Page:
I believe that we have made a mistake in designing all objects as actors which perform a technical function instead of the concept that the objects represent.

Reflecting on Class Naming

When we create a class, we give it a name. What does this name represent?

Classes are boundaries. On the outside is the rest of the entire world. On the inside is some combination of data and behavior.

What goes inside a class and what stays outside? In order to determine what is contained within a class, we reference its design paradigm. The class might contain a long procedural 'transaction list' or it might contain a single unit of functionality designed to be composed into an aggregate behavior.

We might name the class after the procedure within, or maybe its role in another behavior, or maybe even the type of construct it is, I'm looking at you "RandomThingyInterface".

The Helper / Service Paradigm

If we're modeling objects out of real-world domain concepts, and the class contains behavior to get a delivery id from the uber eats api then we might call it 'delivery service' because it's a service that has behavior related to a delivery.

A service like 'Delivery Service' is a typical approach to implementing algorithms with side-effects. If the algorithm interacts with customer invoices, then it's an InvoiceService (or InvoiceHelper). These are monolithic classes that contain many behaviors, have many methods, and often have many dependencies.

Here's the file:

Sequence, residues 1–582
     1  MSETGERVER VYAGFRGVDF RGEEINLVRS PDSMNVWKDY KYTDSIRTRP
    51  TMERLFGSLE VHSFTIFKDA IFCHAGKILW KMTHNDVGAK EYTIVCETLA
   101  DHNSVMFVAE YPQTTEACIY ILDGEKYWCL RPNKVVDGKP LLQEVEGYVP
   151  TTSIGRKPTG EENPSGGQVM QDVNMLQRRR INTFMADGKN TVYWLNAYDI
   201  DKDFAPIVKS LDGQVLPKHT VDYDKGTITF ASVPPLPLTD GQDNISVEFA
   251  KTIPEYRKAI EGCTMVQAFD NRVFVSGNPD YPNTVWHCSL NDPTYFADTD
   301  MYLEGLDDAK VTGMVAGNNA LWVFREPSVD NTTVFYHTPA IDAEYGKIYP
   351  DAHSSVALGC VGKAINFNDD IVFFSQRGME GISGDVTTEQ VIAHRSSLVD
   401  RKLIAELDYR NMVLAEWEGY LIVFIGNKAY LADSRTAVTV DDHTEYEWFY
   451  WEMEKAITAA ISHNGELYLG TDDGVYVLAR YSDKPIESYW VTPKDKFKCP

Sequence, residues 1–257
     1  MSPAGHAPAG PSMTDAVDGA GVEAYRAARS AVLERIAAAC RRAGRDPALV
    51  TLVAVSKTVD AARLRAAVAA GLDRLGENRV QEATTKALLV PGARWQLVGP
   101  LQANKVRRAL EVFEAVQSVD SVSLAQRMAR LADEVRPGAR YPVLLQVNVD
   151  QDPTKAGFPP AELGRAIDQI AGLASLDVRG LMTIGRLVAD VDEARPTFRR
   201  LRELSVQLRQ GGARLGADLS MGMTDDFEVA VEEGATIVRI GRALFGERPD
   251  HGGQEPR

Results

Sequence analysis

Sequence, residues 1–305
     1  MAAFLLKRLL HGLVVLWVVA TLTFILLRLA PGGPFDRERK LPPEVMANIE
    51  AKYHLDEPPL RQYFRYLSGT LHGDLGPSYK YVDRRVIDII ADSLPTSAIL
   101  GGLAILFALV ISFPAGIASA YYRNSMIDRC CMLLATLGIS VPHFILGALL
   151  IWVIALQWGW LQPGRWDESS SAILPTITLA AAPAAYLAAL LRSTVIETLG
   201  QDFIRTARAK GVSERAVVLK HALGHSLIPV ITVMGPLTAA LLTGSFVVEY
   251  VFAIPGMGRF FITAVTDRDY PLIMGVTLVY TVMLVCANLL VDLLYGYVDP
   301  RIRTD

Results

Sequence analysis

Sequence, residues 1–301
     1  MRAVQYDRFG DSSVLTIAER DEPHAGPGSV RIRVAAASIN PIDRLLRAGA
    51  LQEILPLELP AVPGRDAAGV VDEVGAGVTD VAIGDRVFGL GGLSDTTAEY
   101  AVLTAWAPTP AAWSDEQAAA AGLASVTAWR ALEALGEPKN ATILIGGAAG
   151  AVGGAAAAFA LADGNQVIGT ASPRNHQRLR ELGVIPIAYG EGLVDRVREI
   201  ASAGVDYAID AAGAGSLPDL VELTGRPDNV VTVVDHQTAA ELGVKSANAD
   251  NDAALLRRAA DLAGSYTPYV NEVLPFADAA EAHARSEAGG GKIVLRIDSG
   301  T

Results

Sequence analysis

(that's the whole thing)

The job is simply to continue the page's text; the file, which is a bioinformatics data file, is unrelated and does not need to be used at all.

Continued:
Designing helpers is thinking about some entity (in this case, a delivery) and creating functions that relate to this entity. This is often done when ORMs are involved. ORMs are smart data, in that they are essentially just a walking database record.

There's not a good way to inject behaviors into an ORM model, it's easier to implement use cases from the outside. We can create objects that mediate interactions between the ORM models and other objects in order to implement a use case. I believe this to be the most common origin of the Helper behavioral implementation paradigm.

$deliveryService = new DeliveryService(...);
$deliveryService->getDeliveryIdsForPerson($personId);

$deliveryService->markDeliveryAsComplete($ormDeliveryModel);

Object Actors

Object actors are animated objects. We create objects for a use case and then imbue them with life. We imagine the instantiated object and think about its rich world of experiences. What does it see? What does it do? How do we see these animated beings shuffling around a system, making themselves useful? We see them as entities that perform behaviors.

I am a person who programs, therefore I am a programmer. I am a person who fixes roofs, therefore I am a roofer. I am an object that dispatches events, therefore I am an EventDispatcher.

And thus, the DeliveryService or DeliveryHelper becomes an actor.

$deliveryIdFinder = new DeliveryIdFinder(...);
$deliveryIdFinder->findByPersonId($personId);

The 'delivery finder' does what? It finds delivery ids. What is the real world equivalent of a delivery id finder? There isn't one. It does not exist.

Capabilities

What if we take the actor concept, and accept the fact that both:

How can we model this behavior without imagining our objects as actors?

Let's talk about modeling behaviors as capabilities.

While a delivery id finder doesn't exist in the real world, the capability to find a delivery id does.

$findDeliveryId = new FindDeliveryId(...);
$findDeliveryId->byPersonId($personId);